McDonald’s lost 500 million meals to competitors. Its plan? Do more of what it already does
McMakeover. In an earnings call for McDonald’s shareholders held Wednesday in Chicago, the company’s USA president, Chris Kempczinski, shared some pretty bad news: since 2012, McDonald’s estimates it has lost 500 million meals to competitors in the United States alone. To put that in perspective, for the past five years, people who might have conceivably eaten at McDonald’s chose to go elsewhere—almost 2 million times a week. I guess I’m not totally surprised. I used to eat at McDonald’s at least once a week as a kid growing up in the mid-nineties. (For a while I ate there every day, when I worked as a sullen teenage cashier.) But now, I can’t say I’ve set foot in one since Bill Clinton left office—except to use the restroom on long road trips, and when that happens I leave without eating.
But, never fear. McDonald’s has a plan to win back its lapsed faithful. It’s going to double down on what it already does best: convenience. After all, most people don’t go to McDonald’s because the food is unparalleled. They go because it’s quick, and cheap, and there’s one on every goddamn corner.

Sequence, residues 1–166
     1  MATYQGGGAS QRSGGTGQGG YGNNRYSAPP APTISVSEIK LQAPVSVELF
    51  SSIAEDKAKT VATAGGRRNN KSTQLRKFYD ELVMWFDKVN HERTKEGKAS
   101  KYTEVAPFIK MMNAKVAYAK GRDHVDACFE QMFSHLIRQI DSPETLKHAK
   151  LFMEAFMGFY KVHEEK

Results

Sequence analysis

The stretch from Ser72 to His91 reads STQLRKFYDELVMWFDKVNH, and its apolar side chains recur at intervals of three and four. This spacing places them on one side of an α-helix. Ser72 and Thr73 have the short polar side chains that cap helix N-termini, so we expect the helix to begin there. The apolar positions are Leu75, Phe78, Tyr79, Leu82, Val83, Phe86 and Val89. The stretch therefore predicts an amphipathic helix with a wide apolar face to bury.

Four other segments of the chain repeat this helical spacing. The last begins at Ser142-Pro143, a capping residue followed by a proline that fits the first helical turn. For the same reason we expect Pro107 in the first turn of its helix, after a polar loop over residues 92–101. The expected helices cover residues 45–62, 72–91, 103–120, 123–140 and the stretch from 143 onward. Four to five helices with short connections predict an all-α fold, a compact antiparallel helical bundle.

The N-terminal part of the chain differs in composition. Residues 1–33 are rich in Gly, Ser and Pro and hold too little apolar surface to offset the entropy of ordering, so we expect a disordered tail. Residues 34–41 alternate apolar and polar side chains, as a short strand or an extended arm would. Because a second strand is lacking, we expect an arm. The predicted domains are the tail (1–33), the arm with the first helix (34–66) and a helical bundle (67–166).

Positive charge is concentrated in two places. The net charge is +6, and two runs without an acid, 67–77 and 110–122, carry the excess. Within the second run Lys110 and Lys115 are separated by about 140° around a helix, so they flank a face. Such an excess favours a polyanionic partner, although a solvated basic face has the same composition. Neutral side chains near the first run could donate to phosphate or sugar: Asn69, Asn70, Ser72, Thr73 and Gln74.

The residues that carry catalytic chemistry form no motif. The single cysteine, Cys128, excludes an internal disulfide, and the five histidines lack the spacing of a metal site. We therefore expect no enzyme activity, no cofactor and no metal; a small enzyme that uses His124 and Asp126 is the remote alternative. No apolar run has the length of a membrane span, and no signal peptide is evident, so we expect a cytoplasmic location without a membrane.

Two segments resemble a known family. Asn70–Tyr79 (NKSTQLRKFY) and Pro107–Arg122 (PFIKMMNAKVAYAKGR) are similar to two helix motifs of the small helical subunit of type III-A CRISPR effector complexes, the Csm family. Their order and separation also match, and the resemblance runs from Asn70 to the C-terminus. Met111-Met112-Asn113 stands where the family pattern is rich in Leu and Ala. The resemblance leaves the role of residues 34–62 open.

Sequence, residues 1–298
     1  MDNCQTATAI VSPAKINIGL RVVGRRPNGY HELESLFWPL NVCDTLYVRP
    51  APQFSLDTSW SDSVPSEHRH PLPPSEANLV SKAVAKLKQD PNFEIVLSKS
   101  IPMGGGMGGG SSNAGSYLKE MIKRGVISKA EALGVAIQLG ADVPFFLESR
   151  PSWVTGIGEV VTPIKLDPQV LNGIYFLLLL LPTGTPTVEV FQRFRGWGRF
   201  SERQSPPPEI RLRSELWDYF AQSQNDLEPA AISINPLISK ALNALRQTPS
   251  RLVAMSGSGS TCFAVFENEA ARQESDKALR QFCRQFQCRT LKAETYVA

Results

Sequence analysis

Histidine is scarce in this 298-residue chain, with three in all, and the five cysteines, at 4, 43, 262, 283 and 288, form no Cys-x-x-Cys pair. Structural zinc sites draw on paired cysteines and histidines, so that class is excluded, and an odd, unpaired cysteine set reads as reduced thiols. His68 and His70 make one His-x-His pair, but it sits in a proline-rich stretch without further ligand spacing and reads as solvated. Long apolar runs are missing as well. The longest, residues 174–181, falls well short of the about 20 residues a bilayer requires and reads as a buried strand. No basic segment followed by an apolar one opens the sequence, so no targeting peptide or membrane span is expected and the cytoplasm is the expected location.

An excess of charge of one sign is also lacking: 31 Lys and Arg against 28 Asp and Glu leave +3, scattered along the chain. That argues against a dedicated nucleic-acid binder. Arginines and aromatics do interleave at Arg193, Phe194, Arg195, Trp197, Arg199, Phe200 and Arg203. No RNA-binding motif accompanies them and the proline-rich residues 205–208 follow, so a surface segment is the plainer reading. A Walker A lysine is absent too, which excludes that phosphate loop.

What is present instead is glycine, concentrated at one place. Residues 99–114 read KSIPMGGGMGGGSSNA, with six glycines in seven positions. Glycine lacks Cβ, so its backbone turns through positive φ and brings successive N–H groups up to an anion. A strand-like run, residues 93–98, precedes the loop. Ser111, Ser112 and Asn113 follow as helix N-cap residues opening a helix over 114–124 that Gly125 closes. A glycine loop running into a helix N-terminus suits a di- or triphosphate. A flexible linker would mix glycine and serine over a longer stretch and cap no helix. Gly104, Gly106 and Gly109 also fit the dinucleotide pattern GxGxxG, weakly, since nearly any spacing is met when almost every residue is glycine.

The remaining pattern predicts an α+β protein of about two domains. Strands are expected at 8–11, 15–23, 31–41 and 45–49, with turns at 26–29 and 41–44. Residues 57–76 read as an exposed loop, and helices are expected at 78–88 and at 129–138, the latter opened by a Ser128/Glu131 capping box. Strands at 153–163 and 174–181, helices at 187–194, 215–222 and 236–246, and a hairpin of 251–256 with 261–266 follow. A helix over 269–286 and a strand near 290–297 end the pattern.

The drive-thru, though? So twentieth century. At select locations throughout the world, McDonald’s is now going to get easier, faster, and more fun to order from. New initiatives include redesigned, more efficient kitchens; a mobile app for ordering by phone; curbside pickup; home delivery, and bluetooth-enabled kiosks.
There’s at least one serious issue with all this. None of it addresses the company’s main problem, which is its underwhelming food. It doesn’t take long for people to figure out that McMuffins don’t taste better just because you ordered them on your Pixel. So to think McDonald’s can solve its woes with the latest spiffed-up logistics is to kind of miss the point.
It’s also a missed opportunity, when you consider the company’s underlying business model. Because McDonald’s isn’t really in the business of flipping burgers: it’s at heart a real estate company, and one of the world’s largest.
More than 80 percent of McDonald’s restaurants worldwide are operated by franchisees, semi-independent operators who buy the food and make money when it sells. At those locations, the restaurant makes a small service fee, 4 percent, on the burgers, fries and Cokes you buy. Those fees totaled about $2.98 billion worldwide in 2016. But the amount that the McDonald’s company netted from lease agreements on buildings and land was almost $6 billion, nearly twice what it made on franchise service fees. (McDonald’s makes more revenue on the restaurants it owns, of course—but those businesses have much higher operating costs, which cancels out the benefit. Franchisees are the revenue drivers, and the company says it ultimately wants to be 95 percent franchisee-owned.)